VAT on defibrillators is a “life saving tax” and must be eliminated, the Irish Heart Foundation stresses in its pre-budget proposal.
The charity claims that the average cost of an automated external defibrillator (AED) – €1,500 including €345 VAT – makes it unaffordable for many charities.
The foundation wants Treasury Secretary Paschal Donohoe to scrap the 23 percent tax burden on portable computer-based devices in next month’s budget.
Brigid Sinnott, Resuscitation Manager, said sports and volunteer groups will also face an estimated additional €100 in VAT if they replace pads and batteries – which are regularly required to keep AEDs functional.
“VAT on defibrillators is a tax that saves lives and it’s about time it was abolished,” said Ms Sinnott, who is also trained as a community first responder to administer defibrillations before paramedics arrive.
“The more AEDs are available in local communities and open to the public, the more lives can be saved.”
In some cardiac arrests, AEDs deliver a shock to the heart to resume its normal rhythm.
More than 8,400 people have so far signed an online petition launched by the charity as part of its efforts to eliminate VAT on AEDs.
“We hope the Minister has been listening to the thousands of people who have supported our petition until he presents his budget,” Ms Sinnott added.
Community First Responders Ireland (CFR Ireland) volunteer group is also supporting the call.
The Chair, John Fitzgerald, said: “We at CFR Ireland have long campaigned for the elimination of VAT on AEDs and we are delighted to join the Irish Heart Foundation.
“VAT on AEDs is an obstacle to saving lives and we hope the Minister will remove it from the budget.”
In its submission ahead of the 2023 budget, the Irish Heart Foundation is also calling for the publication and full funding of the long-awaited National Stroke Strategy, including an allocation of over €10 million over the next three years to increase the workforce of stroke services.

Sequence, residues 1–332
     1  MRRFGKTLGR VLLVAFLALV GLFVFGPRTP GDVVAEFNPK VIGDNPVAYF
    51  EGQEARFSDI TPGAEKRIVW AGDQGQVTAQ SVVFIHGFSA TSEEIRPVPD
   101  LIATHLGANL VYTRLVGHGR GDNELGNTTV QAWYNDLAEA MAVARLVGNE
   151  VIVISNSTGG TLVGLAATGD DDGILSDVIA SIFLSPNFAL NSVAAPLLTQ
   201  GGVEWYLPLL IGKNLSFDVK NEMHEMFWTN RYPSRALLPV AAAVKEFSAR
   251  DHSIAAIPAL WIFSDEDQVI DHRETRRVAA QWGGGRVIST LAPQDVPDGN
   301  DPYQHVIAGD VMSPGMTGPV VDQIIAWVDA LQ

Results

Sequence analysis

The charity would like €1 million in funding for a new cardiovascular health department at the Ministry of Health and to start work on a cardiovascular health policy.
In addition, the bill calls for the government to allocate revenue from the sugar-sweetened beverage tax to a national program to improve children’s health.
The tax could be made more effective, the charity said, if it were extended to milk-based drinks.
The charity is also calling for a 20 percent increase in the budget for the €13.6 million school lunch program and the introduction of healthy food subsidies to help underprivileged communities.
As well as an excise tax of 10 cents on every milliliter of e-cigarette liquid sold, she is also urging Minister Donohoe to get a pro rata hike in tobacco duty rolling – which would mean a pack of 20 cigarettes would cost €20 by 2025.
This would require a budget price increase of €1.57 per package over the next month.
https://www.independent.ie/news/a-tax-on-saving-lives-vat-on-defibrillators-slammed-for-adding-hundreds-of-euro-to-their-cost-and-upkeep-41935053.html “A Tax on Life Savings” – VAT is added to defibrillators because it adds hundreds of euros to their cost and upkeep